The U.S. stock market opened lower on Friday, as investors digested the latest inflation data that showed wholesale prices rose more than expected in July. The producer price index (PPI) increased 1% month-over-month and 7.8% year-over-year, the highest annual rate since the data series began in 2010. The core PPI, which excludes food and energy, rose 0.9% month-over-month and 6.2% year-over-year, also above consensus estimates.
Inflation Pressures Persist
The PPI measures the prices that businesses receive for their goods and services, and is often seen as a leading indicator of consumer inflation. The July report showed broad-based increases in prices across various sectors, such as transportation, health care, and food. The data suggests that inflation pressures are not easing as quickly as some economists had hoped, and that businesses are passing on higher costs to their customers.
Some analysts pointed out that the PPI data may not fully reflect the impact of the recent surge in Covid-19 cases due to the Delta variant, which could further disrupt supply chains and dampen demand. Others argued that the inflation spike is still largely driven by temporary factors, such as supply bottlenecks and base effects, and that price growth will moderate in the coming months as the economy normalizes.
The inflation data weighed on investor sentiment, as higher prices could erode corporate profits and consumer spending power. The Dow Jones Industrial Average fell 0.8%, or 271 points, to 35,208. The S&P 500 dropped 0.7%, or 34 points, to 4,436. The Nasdaq Composite declined 0.8%, or 132 points, to 14,837.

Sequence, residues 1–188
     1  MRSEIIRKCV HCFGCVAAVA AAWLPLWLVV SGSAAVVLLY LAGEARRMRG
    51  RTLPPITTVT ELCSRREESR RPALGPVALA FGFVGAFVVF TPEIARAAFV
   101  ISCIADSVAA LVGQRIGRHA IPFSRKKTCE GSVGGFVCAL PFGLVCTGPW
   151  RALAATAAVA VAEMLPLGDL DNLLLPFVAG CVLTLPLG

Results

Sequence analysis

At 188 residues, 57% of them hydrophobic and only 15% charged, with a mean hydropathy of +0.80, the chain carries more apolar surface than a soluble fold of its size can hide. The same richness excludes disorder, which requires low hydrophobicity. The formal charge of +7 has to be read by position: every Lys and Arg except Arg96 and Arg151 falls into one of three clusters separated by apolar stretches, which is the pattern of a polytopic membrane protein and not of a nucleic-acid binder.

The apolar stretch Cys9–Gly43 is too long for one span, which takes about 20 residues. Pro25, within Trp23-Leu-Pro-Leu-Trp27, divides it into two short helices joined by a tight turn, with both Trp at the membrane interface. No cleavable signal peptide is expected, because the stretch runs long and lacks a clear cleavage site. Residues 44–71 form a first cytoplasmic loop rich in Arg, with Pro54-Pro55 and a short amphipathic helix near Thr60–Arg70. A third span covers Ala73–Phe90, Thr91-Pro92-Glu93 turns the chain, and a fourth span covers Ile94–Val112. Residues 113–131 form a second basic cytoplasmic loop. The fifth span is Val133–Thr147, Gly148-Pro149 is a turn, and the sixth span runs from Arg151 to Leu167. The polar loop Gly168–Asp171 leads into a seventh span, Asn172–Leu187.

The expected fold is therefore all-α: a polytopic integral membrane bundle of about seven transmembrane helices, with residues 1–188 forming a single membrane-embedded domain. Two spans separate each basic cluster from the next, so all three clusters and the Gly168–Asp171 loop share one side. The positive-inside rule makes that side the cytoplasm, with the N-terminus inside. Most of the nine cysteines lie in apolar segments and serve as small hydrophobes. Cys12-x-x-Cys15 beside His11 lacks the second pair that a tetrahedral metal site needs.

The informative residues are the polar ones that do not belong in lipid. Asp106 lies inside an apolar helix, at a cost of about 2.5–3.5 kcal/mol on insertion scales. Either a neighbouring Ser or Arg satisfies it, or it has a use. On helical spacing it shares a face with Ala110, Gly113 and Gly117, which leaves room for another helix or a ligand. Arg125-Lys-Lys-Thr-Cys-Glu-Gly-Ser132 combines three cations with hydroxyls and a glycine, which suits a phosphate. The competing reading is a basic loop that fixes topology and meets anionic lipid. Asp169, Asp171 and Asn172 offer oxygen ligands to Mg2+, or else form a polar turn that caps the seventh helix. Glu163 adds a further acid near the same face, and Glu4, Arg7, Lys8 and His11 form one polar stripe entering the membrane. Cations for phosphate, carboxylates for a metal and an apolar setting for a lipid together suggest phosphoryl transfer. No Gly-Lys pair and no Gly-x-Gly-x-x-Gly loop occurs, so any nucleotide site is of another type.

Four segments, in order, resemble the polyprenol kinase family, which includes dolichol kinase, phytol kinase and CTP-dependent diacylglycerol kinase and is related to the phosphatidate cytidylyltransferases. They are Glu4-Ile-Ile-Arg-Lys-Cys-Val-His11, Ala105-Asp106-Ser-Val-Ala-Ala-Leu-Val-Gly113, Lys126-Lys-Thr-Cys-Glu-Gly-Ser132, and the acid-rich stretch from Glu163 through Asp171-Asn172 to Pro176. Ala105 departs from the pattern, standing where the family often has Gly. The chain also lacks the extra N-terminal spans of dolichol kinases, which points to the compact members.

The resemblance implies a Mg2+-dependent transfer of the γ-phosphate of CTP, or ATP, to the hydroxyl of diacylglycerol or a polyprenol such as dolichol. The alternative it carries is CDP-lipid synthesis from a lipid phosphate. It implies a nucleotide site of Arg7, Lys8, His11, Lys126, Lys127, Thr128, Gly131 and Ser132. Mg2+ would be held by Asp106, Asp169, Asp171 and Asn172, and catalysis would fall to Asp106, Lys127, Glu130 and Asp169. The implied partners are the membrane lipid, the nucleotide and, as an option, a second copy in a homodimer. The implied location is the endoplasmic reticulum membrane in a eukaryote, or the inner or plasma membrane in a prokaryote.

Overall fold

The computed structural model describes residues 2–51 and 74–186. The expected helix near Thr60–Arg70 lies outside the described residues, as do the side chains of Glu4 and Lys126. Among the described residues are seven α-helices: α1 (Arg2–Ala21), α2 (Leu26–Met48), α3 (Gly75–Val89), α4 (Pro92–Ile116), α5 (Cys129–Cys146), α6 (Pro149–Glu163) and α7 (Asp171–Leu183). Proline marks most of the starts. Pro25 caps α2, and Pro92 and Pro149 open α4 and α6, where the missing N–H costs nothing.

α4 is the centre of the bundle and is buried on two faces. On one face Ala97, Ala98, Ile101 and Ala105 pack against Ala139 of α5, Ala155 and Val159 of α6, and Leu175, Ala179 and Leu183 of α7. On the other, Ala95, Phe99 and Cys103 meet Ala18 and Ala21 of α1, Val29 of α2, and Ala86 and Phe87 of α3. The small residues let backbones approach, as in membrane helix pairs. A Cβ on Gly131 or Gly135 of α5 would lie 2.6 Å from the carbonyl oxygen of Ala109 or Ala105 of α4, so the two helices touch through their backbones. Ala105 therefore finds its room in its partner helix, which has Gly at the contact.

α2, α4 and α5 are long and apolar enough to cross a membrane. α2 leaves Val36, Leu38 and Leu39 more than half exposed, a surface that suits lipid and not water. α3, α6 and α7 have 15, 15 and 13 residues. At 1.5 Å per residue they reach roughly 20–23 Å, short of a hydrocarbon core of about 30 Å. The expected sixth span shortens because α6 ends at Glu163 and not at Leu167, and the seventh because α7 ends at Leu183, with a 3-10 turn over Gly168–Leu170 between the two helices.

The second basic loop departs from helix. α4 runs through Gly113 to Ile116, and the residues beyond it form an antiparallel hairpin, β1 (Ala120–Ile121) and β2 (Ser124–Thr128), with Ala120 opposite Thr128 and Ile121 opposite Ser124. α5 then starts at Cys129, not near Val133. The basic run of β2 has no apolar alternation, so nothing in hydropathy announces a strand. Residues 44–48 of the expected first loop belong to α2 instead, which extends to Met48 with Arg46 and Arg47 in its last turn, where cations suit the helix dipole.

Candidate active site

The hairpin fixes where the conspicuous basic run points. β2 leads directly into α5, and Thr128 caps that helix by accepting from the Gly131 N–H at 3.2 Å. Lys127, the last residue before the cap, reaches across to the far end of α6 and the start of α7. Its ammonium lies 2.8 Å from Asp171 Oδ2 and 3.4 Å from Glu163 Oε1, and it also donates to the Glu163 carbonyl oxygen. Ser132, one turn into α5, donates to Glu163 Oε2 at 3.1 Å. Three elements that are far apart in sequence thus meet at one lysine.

The bond market also reacted to the inflation report, as the yield on the 10-year Treasury note rose to 1.36%, up from 1.34% on Thursday. Higher inflation reduces the real value of fixed-income payments, making bonds less attractive to investors. The yield curve, which measures the difference between short-term and long-term interest rates, steepened slightly, indicating that investors expect higher inflation and growth in the future.
The U.S. dollar strengthened against other major currencies, as higher inflation could prompt the Federal Reserve to tighten its monetary policy sooner than expected. The dollar index, which tracks the greenback against a basket of six peers, rose 0.4% to 93.18. A stronger dollar makes U.S.-denominated assets more expensive for foreign buyers, and could hurt the earnings of multinational companies.
The market will be closely watching the next inflation report, which is the consumer price index (CPI) for July, due on Wednesday. The CPI measures the prices that households pay for goods and services, and is more relevant for consumer spending and Fed policy decisions. Economists expect the CPI to rise 0.5% month-over-month and 5.3% year-over-year, slightly lower than the June figures.
Investors will also be looking for clues from Fed officials on how they view the inflation situation and when they plan to start tapering their bond purchases. The Fed has maintained that inflation is transitory and that it will keep its ultra-accommodative stance until the economy achieves its goals of maximum employment and stable prices. However, some Fed members have expressed concerns about rising inflation and called for an earlier tapering.
The next Fed meeting is scheduled for September 21-22, and many analysts expect the central bank to announce its tapering timeline then. However, some market participants think that the Fed may delay its decision until November or December, depending on how the Covid-19 situation evolves and how the economic data unfolds.